Erectile Dysfunction

ED is a common problem. It affects more than 150 million men worldwide, and 50% of men between the ages of 40 and 70 will suffer from it at some stage. 

Many men are reluctant to seek help – maybe through fear of attending their doctor, difficulty discussing the problem, or because they accept it as a ‘normal’ part of the ageing process. Occasionally men report that medical professionals have not been interested in helping.

The good news is that it is possible to get help – either from your GP or from a specialist in the field, who can help you understand your options.

There are a number of risk factors for erectile dysfunction – which can include diabetes, obesity, smoking and high cholesterol. A number of studies have now shown that ED can be a warning sign for heart disease later in life. 

There are also a number of other physical and psychological causes such as previous pelvic / prostate surgery, radiotherapy, Peyronie’s disease, hormone disorders, psychological factors or occasionally abnormalities of the veins in the penis.

Assessment includes a full history and examination, as well as blood tests to exclude diabetes, a high cholesterol or a low testosterone. It may also be necessary to check the Prostate Specific Antigen (PSA) if there are symptoms or signs of prostate disease.
Occasionally there is a requirement for imaging studies, particularly when the problem has been lifelong. 

For more background on erectile dysfunction in a blog by Rowland written for Winchester GP, please click here 

Treatment options (all available at Wessex Andrology)


Sildenafil (Viagra), Vardenafil (Levitra), Tadalafil (Cialis) or Avanafil (Spedra). 
Approximately 80% of men with ED will get a good response to these medications. It is also the most convenient form of treatment, and often the option that patients prefer to use if effective.
They generally have to be taken 10-30 minutes before intercourse, can be effective They are generally very safe to use, but some men can get side-effects such as facial flushing / headache etc. It is important when starting to give them several attempts, and they do not work without some sexual stimulation.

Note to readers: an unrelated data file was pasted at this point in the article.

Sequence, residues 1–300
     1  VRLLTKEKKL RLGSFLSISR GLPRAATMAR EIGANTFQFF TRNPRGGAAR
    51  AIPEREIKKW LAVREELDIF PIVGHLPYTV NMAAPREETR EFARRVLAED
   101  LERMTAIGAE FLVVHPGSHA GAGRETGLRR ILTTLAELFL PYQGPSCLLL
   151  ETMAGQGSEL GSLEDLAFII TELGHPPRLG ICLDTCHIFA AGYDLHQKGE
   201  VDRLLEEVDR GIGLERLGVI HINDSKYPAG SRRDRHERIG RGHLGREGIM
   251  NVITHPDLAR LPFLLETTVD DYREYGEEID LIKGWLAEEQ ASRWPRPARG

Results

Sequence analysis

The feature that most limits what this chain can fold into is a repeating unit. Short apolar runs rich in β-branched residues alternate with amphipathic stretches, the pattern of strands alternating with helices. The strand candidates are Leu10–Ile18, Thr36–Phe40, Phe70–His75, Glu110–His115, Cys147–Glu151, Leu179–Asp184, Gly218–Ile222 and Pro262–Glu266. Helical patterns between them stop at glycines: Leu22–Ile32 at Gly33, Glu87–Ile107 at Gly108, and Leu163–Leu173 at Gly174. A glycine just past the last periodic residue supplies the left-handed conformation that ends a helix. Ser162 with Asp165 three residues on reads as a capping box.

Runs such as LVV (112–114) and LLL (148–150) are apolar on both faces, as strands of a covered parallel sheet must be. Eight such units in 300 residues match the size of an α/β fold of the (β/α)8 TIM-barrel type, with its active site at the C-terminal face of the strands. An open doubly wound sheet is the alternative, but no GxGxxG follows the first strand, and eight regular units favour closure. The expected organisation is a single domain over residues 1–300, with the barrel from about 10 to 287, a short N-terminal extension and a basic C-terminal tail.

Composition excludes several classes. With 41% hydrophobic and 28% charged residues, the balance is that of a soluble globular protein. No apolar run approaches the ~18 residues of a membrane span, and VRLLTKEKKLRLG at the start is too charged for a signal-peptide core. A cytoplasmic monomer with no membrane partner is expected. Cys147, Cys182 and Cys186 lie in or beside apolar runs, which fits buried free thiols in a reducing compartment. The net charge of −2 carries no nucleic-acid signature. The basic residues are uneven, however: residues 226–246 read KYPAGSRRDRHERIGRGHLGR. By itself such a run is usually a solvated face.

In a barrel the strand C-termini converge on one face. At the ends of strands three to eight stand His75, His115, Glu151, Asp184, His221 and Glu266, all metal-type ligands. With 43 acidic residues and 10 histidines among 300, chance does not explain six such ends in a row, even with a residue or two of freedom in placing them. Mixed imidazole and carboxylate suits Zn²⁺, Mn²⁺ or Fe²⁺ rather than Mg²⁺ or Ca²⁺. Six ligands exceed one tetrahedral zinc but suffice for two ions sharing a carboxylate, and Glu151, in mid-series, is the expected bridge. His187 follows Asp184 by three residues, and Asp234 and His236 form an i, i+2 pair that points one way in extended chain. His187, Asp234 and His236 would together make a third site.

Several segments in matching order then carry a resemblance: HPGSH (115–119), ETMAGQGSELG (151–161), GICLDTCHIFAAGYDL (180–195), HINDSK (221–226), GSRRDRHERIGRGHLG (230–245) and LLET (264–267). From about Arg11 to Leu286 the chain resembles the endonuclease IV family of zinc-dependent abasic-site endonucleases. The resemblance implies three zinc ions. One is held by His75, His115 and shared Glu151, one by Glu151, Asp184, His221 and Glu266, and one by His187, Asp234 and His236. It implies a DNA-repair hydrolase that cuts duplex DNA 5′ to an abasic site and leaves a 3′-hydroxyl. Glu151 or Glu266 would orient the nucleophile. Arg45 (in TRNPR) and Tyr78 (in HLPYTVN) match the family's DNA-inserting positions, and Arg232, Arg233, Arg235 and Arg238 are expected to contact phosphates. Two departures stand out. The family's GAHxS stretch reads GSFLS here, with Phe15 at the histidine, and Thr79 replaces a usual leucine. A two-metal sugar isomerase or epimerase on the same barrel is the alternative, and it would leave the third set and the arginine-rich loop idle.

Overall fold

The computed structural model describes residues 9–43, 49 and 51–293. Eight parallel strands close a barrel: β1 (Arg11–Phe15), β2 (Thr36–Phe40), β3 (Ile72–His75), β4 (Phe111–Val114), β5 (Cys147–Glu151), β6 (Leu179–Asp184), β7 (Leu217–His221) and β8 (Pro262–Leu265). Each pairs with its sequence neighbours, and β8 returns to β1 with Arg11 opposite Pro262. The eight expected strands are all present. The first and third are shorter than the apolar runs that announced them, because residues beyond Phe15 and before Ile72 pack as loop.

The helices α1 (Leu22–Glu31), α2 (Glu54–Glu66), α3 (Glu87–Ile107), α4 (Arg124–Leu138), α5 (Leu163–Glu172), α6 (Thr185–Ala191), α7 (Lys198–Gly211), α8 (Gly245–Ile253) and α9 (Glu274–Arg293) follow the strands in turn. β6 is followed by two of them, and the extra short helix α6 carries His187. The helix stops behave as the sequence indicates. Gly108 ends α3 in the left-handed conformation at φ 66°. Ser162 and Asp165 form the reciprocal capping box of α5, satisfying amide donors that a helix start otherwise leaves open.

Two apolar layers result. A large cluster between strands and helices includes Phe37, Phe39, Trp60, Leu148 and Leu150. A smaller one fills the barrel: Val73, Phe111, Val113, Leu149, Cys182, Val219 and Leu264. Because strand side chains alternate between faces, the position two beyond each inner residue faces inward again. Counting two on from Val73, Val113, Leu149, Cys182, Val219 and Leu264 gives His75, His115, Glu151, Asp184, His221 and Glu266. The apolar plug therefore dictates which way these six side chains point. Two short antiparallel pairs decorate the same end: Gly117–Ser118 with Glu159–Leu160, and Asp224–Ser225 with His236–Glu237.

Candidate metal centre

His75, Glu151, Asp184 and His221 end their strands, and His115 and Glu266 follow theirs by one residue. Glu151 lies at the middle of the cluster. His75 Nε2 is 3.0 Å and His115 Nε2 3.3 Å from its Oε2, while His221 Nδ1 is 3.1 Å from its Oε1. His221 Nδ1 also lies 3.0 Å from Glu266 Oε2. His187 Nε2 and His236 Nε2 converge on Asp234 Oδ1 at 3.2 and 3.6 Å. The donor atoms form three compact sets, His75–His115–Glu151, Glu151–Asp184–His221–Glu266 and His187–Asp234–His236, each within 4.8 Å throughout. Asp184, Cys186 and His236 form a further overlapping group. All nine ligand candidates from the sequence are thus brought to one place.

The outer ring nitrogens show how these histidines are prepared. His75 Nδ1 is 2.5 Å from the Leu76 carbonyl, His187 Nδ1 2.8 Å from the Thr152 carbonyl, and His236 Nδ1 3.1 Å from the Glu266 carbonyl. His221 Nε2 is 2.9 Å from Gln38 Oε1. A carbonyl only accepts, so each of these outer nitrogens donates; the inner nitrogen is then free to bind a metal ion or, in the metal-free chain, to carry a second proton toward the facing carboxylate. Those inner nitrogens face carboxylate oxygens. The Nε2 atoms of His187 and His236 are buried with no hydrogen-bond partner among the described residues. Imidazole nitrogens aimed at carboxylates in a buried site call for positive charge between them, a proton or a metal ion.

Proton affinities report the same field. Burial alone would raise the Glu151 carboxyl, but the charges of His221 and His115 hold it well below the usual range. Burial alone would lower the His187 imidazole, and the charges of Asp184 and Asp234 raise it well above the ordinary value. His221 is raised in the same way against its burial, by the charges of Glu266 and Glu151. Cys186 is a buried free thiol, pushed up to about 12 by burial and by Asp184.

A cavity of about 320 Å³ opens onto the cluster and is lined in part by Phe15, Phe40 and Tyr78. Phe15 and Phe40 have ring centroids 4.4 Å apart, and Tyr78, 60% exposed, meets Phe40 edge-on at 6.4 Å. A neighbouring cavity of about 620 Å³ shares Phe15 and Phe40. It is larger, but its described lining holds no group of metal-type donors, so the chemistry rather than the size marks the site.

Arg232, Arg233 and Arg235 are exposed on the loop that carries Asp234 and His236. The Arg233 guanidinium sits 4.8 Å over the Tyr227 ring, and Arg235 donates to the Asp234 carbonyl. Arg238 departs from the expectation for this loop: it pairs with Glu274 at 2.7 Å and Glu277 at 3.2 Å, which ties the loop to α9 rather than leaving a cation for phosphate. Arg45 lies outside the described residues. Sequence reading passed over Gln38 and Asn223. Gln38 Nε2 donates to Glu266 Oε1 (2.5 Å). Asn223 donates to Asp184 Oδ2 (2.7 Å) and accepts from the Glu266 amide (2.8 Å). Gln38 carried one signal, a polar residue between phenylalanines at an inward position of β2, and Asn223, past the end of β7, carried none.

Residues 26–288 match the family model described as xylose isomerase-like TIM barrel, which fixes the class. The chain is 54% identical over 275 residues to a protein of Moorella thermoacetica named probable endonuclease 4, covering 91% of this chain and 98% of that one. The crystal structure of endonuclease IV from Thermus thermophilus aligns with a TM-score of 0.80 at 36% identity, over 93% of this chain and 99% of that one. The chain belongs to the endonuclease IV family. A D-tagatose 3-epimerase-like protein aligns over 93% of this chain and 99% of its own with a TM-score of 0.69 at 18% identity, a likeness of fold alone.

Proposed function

Intra-cavernosal injection therapy: (Caverject or Invicorp)

Where tablet therapy has failed, it may be necessary to progress to second-line options. One such option is the injection of a similar compound into the penis, thus allowing a higher dose. This involves a tiny needle (similar in size to an insulin injection), injected into the side of the penis, which then generates an erection within 10-15 minutes.
Following a test-dose and training by the doctor, this is a self-administered injection that is highly effective in patients who do not respond to tablet therapy.


The mainstay of surgical treatment for this condition is the penile implant, or prosthesis. Typically these are inserted for men in whom all other modalities of treatment have failed or are unsuitable.

Either an inflatable or semi-rigid device is inserted under general anaesthetic, and these devices lead to a reliable erection and high patient satisfaction rates. Infection rates are down to less than 2%.  The operation involves an overnight stay and a catheter overnight.

Read more about penile prosthesis

Topical treatments (Vitaros or MUSE)

Where other options are not suitable, it is possible to apply a gel onto the head of the penis, or insert a pellet into the urethra. These both contain Prostaglandin E1, which helps improve blood flow into the penis.

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